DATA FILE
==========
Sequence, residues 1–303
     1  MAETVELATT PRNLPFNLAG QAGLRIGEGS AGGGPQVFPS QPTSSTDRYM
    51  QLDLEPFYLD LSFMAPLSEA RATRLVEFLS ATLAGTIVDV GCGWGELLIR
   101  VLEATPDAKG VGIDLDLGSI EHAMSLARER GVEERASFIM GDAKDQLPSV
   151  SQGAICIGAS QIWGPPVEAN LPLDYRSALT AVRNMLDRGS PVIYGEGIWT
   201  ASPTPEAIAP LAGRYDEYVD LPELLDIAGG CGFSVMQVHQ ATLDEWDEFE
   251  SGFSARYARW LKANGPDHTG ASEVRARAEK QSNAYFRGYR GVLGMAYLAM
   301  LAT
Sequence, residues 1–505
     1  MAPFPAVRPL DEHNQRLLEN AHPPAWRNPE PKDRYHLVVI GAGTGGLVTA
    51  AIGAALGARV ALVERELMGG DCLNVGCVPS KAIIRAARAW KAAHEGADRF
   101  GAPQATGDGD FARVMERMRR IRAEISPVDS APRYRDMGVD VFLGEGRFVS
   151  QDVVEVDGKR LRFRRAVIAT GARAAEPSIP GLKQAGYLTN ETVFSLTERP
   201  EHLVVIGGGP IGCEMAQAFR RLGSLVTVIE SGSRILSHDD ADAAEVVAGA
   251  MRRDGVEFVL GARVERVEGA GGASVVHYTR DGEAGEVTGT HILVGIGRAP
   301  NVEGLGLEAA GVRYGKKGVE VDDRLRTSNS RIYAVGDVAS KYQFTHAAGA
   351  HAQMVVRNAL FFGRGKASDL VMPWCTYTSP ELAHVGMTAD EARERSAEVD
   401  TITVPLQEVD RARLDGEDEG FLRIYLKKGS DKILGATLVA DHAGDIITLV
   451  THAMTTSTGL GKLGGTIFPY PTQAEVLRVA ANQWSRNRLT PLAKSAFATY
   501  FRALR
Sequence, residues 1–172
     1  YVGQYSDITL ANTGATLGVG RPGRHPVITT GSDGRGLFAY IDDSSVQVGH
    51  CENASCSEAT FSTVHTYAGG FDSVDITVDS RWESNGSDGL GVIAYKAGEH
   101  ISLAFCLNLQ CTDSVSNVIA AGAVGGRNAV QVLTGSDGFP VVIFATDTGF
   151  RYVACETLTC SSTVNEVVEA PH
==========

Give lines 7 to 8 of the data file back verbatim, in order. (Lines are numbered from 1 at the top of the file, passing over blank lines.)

   251  SGFSARYARW LKANGPDHTG ASEVRARAEK QSNAYFRGYR GVLGMAYLAM
   301  LAT